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Could COVID-19 usher in livestreamed school board meetings?



It’s still too early to know if one of COVID-19’s impacts on Utah County’s educational entities will be a future that includes livestreamed board of education meetings. 

“A decision on remote board meetings being the new ‘norm’ has not been determined,” Kimberly Bird, a spokeswoman for the Alpine School District, said in a written message. 

The topic has not been at the center of discussion for the district, according to Bird, with administration instead focused on summer school protocols, guidelines and whether state legislators’ budget will include potential cuts to education funding. 

Prior to the COVID-19 pandemic, none of Utah County’s three school districts livestreamed board of education meetings. Instead, audio of the meetings has typically been posted online within a few days of the gatherings, with written summaries also available. 

The Utah State School Board of Education has traditionally broadcast its meetings. 

Districts have turned to remote, livestreamed meetings since March as COVID-19 has pushed gatherings virtual, with board members logging in remotely.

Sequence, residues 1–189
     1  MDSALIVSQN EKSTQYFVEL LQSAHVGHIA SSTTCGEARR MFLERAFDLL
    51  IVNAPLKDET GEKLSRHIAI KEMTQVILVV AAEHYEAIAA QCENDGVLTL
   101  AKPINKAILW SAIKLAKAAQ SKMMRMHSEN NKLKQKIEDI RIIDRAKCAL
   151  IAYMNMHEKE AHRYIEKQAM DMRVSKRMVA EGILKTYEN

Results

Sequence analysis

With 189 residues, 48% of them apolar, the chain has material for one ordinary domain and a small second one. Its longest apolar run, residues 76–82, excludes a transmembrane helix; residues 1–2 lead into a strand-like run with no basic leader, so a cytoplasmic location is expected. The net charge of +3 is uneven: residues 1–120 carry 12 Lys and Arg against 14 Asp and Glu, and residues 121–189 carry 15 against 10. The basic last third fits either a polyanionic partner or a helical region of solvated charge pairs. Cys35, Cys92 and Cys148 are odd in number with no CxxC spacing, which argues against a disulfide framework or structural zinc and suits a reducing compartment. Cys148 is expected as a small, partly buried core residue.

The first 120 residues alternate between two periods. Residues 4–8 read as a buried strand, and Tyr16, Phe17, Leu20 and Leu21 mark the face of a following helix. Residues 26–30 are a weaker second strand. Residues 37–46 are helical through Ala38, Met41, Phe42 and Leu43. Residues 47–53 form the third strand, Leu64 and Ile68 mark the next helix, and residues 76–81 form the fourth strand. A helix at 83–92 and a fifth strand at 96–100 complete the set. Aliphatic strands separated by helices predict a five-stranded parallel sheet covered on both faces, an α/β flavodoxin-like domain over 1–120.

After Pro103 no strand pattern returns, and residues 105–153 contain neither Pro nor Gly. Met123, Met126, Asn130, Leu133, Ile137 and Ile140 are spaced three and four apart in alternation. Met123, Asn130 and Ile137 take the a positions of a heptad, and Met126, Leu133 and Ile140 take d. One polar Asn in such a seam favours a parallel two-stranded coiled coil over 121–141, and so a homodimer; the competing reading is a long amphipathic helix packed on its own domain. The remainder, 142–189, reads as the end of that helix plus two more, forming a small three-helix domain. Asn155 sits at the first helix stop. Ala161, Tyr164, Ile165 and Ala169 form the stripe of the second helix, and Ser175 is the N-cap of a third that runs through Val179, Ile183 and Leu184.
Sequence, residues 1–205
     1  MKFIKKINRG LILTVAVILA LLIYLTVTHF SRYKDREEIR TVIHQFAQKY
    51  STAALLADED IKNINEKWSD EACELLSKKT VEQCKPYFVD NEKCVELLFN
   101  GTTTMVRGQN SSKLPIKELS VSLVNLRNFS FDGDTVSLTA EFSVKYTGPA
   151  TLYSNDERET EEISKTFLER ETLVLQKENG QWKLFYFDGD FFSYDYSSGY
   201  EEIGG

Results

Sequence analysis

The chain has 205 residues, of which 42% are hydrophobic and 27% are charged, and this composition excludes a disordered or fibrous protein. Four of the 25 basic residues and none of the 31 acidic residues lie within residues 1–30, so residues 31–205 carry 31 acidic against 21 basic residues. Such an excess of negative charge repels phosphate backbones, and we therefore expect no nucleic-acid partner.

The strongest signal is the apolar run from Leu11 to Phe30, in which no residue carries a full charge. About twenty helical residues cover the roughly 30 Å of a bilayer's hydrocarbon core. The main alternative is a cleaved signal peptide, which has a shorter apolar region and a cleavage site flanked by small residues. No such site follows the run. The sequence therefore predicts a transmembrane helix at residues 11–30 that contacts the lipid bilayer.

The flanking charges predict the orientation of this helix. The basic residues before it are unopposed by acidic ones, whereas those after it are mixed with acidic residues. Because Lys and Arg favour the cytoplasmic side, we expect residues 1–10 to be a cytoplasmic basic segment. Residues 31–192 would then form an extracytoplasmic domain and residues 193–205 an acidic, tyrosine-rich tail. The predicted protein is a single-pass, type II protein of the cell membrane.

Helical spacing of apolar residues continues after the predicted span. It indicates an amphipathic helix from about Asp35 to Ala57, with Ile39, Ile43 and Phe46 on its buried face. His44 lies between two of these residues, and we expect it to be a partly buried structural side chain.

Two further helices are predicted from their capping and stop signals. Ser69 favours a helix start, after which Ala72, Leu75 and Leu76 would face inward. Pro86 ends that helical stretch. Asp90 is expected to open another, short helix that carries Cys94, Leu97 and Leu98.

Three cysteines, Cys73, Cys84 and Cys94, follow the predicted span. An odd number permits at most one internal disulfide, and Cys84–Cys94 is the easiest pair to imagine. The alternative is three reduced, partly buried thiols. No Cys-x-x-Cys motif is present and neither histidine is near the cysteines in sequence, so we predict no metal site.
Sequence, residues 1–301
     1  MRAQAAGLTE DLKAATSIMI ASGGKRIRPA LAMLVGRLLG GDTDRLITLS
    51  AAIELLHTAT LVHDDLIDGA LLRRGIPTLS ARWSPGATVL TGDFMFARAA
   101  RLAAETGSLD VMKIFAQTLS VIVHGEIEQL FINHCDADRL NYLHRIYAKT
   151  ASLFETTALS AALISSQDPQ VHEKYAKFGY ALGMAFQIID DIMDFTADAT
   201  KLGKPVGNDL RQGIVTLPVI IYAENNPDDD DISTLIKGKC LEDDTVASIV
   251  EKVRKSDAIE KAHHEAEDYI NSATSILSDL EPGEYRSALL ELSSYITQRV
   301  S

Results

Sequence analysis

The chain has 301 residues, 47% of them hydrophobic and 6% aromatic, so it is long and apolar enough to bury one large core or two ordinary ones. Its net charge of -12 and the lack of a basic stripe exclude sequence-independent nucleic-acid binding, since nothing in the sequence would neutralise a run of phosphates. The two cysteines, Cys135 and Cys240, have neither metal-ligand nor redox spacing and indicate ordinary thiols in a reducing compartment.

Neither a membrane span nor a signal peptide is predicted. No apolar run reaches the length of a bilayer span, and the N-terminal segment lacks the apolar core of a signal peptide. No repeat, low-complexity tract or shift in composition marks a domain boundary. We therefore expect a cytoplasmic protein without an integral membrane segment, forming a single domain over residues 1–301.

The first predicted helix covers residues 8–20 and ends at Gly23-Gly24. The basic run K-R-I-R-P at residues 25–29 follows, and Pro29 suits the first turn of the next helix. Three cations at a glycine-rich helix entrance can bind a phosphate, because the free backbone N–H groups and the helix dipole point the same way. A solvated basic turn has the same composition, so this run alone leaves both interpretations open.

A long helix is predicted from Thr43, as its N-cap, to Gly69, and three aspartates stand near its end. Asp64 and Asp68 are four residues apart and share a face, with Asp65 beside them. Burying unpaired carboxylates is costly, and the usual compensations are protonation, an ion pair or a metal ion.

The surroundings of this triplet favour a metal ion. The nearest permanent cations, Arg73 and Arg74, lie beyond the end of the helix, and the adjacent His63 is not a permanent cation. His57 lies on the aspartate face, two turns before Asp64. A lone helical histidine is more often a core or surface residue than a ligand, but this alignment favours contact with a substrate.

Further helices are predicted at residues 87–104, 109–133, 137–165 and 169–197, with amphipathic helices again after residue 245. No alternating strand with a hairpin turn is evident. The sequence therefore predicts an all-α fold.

A video posted by the district of firework celebrations for graduation amassed about 7,000 views, and a livestream of an Alpine School District Board of Education meeting near the beginning of the pandemic has about 4,500 views. 


Typically a handful of people have attended board meetings in person, with dozens more packing seats when students are being recognized for achievements. Most of that crowd disperses once the recognitions are over and do not stay for the business parts of the meetings. 

The district’s next board of education meeting will begin at 4 p.m. on June 16. Information on whether the meeting will be in-person or remote has not been posted. 

Earlier this year, the Provo City School District Board of Education began discussing broadcasting its board of education meetings, which, if approved, would have made it the first school district in Utah County to do so. 

To begin broadcasting, the district would have needed to purchase and install equipment, along with obtaining closed captioning software. It heard quotes on the cost of broadcasting city council meetings, which included $20,000 to purchase and install equipment. 

The quote would only be for one room. Provo and Alpine school districts’ board of education meetings typically begin in one room for a study session, where no votes or public comment take place, before moving to a larger chamber for the business meeting. 

The Provo board of education voiced support for a less-expensive system, which wouldn’t include the ability to pan, tilt and zoom a camera.

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